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From Hyunsik Choi <hyun...@apache.org>
Subject Re: Timezone issues
Date Sun, 23 Nov 2014 14:30:18 GMT
(Actually, I had suffered from some mailing list rejection problem for
few days. This problem was caused by the change of committer shell
access policy. Finally, I fixed the problem. I'm not sure if you
received the following mail. So, I send it again.)

Hi Jaewoong,

Today, I investigated the problem in more deep. I found the problem
about misuse of timezone. Recently, I've also suffered from this
problem while I'm working tajo-client. Actually, the recap of datetime
types were contributed by one contributor, and I reviewed the codes.
Since I overlooked timezone-related parts, it's my fault consequently.
Anyway, we can fix it. I'm very happy for us to fix this problem with
your help.

The main cause of this problem is that Datum-level data structures
deal with timezone directly.

First of all, in this email, I'm going to give the background in more
detail; I think that this background includes many answers of your
questions. Then, I'll give the answers of your questions in next
email.

As you may know, In SQL, there are two kinds of data types: one is
without tiemzone and another is without timezone.

SQL standard types without timezone:
* Timestamp
* Time

SQL standard types with timezone:
* Timestampz
* Timez

Each timestampz or Timez value has timezone offset itself. Both types
are straightforward. Also, Date type does not have 'with timezone'
type.

BTW, 'types without timezone' (e.g., Timestamp and Time) can be
affected by an external timezone in almost all SQL systems that I've
seen. In other words, their timezone can be present in outside of data
values. By default, many systems use the timezone of local machine.
Similarly, Tajo uses a static variable 'TajoConf.CURRENT_TIMEZONE'.

The main issue is when data values are adjusted by timezone. The
adjustment should be performed before Datum is created. In other
words,  in scanner, Timestamp or Time value should be adjusted by
timezone. TimestampDatum or TimeDatum must be with UTC+0. But, in the
current implementation, some parts of TimestampDatum and TimeDatum
address directly timezone. It's wrong in my opinion. Also, all unit
tests for TimestampDatum and TimeDatum should be performed with UTC.

In addition, timestamp or time values should be adjusted one more by
'user timezone' when an user gets the query results. In sum, the flow
is as follows:

Timestamp or Time value in an Input table ---(adjust by an external
timezone or local timezone)---> TimestampDatum or TimeDatum with UTC
---> query processing  ---(adjust by an user timezone)-----> Print

The reason why TimestampDatum and TimeDaum values must be addressed in
UTC is the simplicity of processing codes. In many cases, two or more
tables used in one query can have multiple different timezones. If all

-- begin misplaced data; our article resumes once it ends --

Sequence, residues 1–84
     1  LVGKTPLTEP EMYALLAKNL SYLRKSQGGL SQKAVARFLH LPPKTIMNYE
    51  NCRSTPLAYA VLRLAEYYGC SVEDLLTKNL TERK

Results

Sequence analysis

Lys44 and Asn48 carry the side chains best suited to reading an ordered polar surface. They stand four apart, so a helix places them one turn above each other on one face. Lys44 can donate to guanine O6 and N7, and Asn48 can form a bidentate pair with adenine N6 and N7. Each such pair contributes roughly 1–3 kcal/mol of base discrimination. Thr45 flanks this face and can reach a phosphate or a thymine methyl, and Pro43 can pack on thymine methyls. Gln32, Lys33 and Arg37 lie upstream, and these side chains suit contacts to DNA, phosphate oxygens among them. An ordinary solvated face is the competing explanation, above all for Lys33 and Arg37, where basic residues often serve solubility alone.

values are in UTC, the processing does not need to consider different
timezones. But, the current implementation has one global timezone. We
should fix it, and I created the jira issue for it at
https://issues.apache.org/jira/browse/TAJO-1186.

Best regards,
Hyunsik

On Fri, Nov 21, 2014 at 12:50 AM, Jaewoong Jung <jungjw@gmail.com> wrote:
> There's another issue that hopefully Hyunsik would be able to clarify,
> and it's very crucial to handling timezones in these data types.
>
> Q: So, let's say (and I agree) TimeDatum represents an instant, so can
> be timezoned. Then, is it a UTC time or a local time?
>
> Let me explain why this question is important.
>
> DateDatum represents an instant. And, it is implicitly timezoned to
> the user local time. Which means, if I use '11/20/2014', it's
> '11/20/2014 0:00:00 PST' and is equivalent to a TimestampDatum for
> '11/20/2014 8:00:00 UTC'. (BTW, the compareTo implementation for
> DateDatum is broken in this regard. I'll file a separate issue for
> that.)
>
> What about TimeDatum? It is currently timezoned to UTC, (surprise,
> anyone?) if I understood the code correctly. When we add a TimeDatum
> to a DateDatum, we convert the TimeDatum to the user local time, which
> implies TimeDatum is UTC-based. (Also, the comment next to the line
> explicitly mentions it.)
>
> So, here's the problem.
>
> Why do they have different timezones? They're incomplete as an instant
> when used alone and are complementary to each other. This is an
> important concept. To understand it, you have to think about why
> adding DateDatum and TimeDatum is allowed in the code. Originally,
> instants can't be added. (And, that's why I thought TimeDatum is not
> an instant.) You can't add (say) 11/20/2014 to 11/23/2019. Subtracting
> an instant from an instant makes sense and results in a period, but
> they can't be added.
>
> However, in the case of DateDatum and TimeDatum, additions are allowed
> because they're complementary to each other, and what the code does
> **conceptually** is concatenate the two.
>
> Therefore, because they're intended to be used together, I'd argue